8. Compatible apps

Both operating systems come with several pre installed applications such as web browsers, instant messengers, music players, video players, photo editors, and more.

Ubuntu and Mint both are Linux based operating systems, which means that they are designed to be lightweight, fast and secure.


Ubuntu seems to have more apps but finding them can be a hassle when you have to scroll through the Dash to find them. The result is that you may never know that Ubuntu had the application you needed but didn’t know the exact name.

This is where Ubuntu scores against Mint. It’s easier to find apps in its store than with Mint. Plus since the Ubuntu Software Center App Store is on the dock it launches whereas Mint requires a few extra steps to get started.


Mint covers all the basics and with its Windows like Start menu, finding these apps is super easy. But, if you want an app that isn’t installed, both operating systems have “app stores” where you can find and download programs.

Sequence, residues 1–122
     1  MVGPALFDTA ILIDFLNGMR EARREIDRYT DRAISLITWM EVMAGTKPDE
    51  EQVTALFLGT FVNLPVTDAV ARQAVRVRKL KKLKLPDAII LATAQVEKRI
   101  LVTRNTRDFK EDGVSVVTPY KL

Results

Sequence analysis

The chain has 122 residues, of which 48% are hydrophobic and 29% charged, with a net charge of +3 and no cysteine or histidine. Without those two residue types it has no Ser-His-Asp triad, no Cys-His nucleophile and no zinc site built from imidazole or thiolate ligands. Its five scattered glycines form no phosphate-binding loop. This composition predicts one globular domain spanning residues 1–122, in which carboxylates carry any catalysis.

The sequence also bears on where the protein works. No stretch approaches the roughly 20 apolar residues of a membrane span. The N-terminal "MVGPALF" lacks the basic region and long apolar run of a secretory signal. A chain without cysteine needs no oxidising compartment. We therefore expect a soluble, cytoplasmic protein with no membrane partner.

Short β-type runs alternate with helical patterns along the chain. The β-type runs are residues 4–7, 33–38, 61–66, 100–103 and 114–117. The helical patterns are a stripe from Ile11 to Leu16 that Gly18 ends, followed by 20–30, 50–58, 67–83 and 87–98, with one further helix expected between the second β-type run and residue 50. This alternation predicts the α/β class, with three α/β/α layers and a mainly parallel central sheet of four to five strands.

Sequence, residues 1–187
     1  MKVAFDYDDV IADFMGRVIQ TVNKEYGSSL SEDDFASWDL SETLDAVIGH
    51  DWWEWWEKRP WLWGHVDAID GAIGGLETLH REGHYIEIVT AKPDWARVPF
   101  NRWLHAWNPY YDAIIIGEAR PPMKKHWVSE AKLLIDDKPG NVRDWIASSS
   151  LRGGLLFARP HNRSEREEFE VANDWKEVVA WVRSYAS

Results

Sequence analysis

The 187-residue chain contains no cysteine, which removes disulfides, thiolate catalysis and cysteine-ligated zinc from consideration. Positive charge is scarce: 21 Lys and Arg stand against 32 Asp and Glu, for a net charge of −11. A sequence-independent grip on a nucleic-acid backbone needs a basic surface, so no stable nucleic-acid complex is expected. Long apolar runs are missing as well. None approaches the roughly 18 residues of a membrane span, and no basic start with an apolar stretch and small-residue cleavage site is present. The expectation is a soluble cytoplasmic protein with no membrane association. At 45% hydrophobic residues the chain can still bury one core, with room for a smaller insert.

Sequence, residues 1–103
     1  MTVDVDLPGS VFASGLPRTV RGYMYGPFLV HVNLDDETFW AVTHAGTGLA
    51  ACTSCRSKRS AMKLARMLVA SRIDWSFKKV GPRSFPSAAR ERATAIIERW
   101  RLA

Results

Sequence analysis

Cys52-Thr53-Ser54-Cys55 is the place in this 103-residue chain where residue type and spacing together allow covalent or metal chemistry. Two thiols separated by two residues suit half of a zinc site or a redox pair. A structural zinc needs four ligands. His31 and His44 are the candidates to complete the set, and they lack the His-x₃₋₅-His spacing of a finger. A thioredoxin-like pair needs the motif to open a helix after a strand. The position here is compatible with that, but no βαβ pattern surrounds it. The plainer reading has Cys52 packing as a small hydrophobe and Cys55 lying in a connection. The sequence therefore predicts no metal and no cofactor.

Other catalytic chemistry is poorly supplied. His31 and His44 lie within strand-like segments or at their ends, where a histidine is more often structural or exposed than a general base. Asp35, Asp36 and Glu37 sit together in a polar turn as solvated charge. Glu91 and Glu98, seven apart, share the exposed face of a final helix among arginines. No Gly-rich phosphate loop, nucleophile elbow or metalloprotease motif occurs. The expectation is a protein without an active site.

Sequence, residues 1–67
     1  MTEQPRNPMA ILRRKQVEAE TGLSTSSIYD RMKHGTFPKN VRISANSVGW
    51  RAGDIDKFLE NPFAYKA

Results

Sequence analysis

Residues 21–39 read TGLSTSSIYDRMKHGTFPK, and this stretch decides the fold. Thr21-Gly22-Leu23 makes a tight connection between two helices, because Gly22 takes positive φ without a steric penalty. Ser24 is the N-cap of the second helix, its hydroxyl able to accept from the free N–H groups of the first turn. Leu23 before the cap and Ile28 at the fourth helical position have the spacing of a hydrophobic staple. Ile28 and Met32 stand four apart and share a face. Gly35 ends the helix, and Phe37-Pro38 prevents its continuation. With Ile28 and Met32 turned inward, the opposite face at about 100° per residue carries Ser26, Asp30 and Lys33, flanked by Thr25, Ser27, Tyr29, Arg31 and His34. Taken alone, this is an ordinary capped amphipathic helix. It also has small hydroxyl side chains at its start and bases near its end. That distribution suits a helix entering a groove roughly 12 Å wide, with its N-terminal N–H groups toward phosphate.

Thank you for reading Ubuntu vs Mint – What’s the Difference? (Pros and Cons)

Ubuntu vs Mint - What's the Difference? (Pros and Cons) Conclusion

In this post, I have tried to explain both Ubuntu and Mint altogether with their advantages and disadvantages. If you’re looking for a Linux desktop operating system, you’ve got two excellent choices.

Summarizing Ubuntu is the leading Linux desktop operating system, and it’s also the most popular one on servers and in cloud computing. Mint, has seen rapid growth in recent years, it’s now the most popular Linux distribution by far. It’s mature and stable enough to use on your desktop or laptop computer without any problems.

Avatar for Hitesh Jethva
Hitesh Jethva

I am a fan of open source technology and have more than 10 years of experience working with Linux and Open Source technologies. I am one of the Linux technical writers for Cloud Infrastructure Services.